I dislike the term ‘women leaders’. I think there are only two categories of leaders or founders—good leaders and bad leaders, and that has absolutely nothing to do with gender. The way both genders are wired and conditioned does create certain strengths and weaknesses, but they are not things that define leaders.
When organizations consider candidates for leadership positions, they generally consider three things—the functional expertise of the managers, their team management skills and their leadership capability. A numberof research studies show that women generally score high on functional skills. They are often better thanmen when it comes to things like attention to detail. In fact, at times, attention to detail, which has all along been a strength, gradually starts coming in the way. This is because, as leaders, you need to delegate and, therefore, learn to let go. Leadership is not only about your own performance but your ability to get the best out of your team. Good leaders, you will find, resist micromanaging their team, preferring instead to trust thecapabilities of their subordinates. A cliché that comes to mind, an apt one nevertheless, is: ‘What brought youthus far is not what is going to take you forward.’ Letting go, therefore, is an essential skill and one that is not as easy as it sounds.
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Sometimes, leadership roles come up unexpectedly or under adverse circumstances and the requirementis to find a capable leader to take charge of the team, even if she/he comes from a somewhat differentfunctional area. It could be a wonderful career opportunity for a leader to broaden her experience. However, italso involves a high degree of learning in a short period of time to get to some level of subject matter expertise inthe new role. It is then quite likely that you don’t have the answers to all the questions that might come your way.Interestingly, it has been observed that in such a situation, men find it easier to say, ‘I will come back to you onthis,’ whereas women feel inadequate if they can’t provide the answer to every question, there and then. I won’t be surprised if this in some way is related to the imposter syndrome or the fact that women tend to constantly underrate themselves. We must remember that leaders too, like other people, learn every day, and in a complexand uncertain environment, such situations are more likely to occur. So, one has to learn to be comfortable withit.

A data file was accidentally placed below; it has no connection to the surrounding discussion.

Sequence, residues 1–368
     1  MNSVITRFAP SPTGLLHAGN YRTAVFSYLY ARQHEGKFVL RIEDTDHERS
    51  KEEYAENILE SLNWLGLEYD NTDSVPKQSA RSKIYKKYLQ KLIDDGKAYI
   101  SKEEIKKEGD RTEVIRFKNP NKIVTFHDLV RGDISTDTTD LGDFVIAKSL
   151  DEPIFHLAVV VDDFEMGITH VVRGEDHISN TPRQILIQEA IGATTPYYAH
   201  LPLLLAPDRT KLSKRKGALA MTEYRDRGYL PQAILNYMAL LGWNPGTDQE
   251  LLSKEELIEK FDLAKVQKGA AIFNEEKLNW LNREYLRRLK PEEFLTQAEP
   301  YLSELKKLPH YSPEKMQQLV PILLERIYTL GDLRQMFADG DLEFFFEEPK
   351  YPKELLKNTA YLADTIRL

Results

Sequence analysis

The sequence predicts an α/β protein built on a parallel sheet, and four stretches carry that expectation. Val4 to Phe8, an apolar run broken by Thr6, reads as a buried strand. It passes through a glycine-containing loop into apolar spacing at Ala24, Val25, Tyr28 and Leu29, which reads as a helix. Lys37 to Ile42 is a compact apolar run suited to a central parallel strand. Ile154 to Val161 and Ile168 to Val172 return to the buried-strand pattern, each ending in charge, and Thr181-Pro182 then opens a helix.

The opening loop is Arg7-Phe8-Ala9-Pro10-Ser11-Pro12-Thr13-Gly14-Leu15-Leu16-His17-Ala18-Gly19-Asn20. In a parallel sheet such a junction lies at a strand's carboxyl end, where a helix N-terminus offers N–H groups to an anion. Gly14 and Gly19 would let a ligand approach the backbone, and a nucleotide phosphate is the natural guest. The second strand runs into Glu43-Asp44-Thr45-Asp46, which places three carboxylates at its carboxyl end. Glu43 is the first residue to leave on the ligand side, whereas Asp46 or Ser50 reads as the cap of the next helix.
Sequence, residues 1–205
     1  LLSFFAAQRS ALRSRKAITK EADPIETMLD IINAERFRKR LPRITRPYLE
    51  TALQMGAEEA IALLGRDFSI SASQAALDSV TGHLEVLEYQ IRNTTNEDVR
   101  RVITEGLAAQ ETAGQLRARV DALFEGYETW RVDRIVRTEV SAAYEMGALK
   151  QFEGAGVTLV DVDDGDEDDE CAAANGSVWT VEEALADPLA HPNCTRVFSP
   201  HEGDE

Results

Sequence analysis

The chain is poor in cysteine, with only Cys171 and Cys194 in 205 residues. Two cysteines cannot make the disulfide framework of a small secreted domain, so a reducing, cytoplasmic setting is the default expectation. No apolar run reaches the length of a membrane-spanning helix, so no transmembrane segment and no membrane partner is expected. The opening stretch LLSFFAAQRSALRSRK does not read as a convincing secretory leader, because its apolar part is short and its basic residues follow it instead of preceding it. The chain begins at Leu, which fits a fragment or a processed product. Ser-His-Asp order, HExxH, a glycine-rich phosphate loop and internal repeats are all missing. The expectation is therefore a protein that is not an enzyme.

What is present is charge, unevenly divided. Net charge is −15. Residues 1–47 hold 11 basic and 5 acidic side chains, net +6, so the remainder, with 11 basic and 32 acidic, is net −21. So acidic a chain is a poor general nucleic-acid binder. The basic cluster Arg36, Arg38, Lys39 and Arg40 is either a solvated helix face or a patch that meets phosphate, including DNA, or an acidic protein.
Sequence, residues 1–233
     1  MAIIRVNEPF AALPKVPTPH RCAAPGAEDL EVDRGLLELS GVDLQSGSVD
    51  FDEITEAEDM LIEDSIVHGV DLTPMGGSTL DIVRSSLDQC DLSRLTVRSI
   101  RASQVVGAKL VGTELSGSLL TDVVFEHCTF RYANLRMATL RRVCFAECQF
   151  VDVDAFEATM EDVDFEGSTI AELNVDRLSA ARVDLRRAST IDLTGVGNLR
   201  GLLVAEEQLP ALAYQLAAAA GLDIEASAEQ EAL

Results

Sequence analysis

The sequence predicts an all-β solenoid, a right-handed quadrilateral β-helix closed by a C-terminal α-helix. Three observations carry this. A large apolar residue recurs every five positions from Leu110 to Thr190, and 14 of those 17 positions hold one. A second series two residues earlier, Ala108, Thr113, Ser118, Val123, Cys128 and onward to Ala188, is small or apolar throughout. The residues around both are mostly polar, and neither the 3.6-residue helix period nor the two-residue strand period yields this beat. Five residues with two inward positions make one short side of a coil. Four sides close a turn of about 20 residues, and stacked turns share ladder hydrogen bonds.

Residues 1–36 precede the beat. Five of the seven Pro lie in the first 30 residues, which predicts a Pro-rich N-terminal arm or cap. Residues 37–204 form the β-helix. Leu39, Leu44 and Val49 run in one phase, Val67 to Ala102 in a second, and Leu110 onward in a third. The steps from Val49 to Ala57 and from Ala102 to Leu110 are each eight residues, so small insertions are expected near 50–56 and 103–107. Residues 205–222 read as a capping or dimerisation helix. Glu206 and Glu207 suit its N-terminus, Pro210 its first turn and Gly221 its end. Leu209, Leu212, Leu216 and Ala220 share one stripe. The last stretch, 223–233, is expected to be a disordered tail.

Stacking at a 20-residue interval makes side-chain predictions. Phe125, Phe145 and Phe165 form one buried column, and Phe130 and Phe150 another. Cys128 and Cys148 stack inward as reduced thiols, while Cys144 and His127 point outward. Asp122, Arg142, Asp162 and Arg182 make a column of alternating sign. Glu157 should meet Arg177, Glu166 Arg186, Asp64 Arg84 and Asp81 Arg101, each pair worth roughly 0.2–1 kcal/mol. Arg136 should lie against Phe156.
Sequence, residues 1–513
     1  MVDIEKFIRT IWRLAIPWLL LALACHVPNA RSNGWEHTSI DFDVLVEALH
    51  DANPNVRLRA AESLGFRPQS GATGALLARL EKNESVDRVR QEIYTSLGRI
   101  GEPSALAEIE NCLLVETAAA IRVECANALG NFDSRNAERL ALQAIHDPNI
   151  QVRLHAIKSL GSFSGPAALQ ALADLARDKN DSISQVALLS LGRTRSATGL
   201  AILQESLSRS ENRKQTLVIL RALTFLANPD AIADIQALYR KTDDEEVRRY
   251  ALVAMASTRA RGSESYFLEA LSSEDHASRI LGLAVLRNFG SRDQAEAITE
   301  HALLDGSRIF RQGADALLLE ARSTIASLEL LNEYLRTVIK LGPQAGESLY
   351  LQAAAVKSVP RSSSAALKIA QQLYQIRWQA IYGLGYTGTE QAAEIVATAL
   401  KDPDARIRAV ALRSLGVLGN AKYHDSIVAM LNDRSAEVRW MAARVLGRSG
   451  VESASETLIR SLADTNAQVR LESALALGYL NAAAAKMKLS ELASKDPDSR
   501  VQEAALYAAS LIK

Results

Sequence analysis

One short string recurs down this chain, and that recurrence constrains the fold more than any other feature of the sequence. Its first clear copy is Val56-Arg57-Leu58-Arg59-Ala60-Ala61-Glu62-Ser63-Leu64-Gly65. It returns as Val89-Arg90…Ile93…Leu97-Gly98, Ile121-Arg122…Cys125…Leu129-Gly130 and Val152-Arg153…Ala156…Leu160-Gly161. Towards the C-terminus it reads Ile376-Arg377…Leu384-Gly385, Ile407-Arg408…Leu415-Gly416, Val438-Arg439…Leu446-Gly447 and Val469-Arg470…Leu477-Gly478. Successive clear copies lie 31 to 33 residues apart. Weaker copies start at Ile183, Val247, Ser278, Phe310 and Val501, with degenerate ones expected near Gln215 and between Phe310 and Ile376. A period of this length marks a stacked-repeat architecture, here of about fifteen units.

Anjali Mohanty was a veteran in retail banking when she was unexpectedly offered a role in corporatebanking. The
CEO said that the energy that she brought to her current role was what he thought made her suitable for the new role being offered to her. ‘You need to know why you are being offered the role. You cannot be suspicious of the organization’s intent. I was both surprised and thrilled by the offer and went into it with an open mind,’ she says. It was a lot of hard work and learning but turned out to be the opportunity ofa lifetime for her.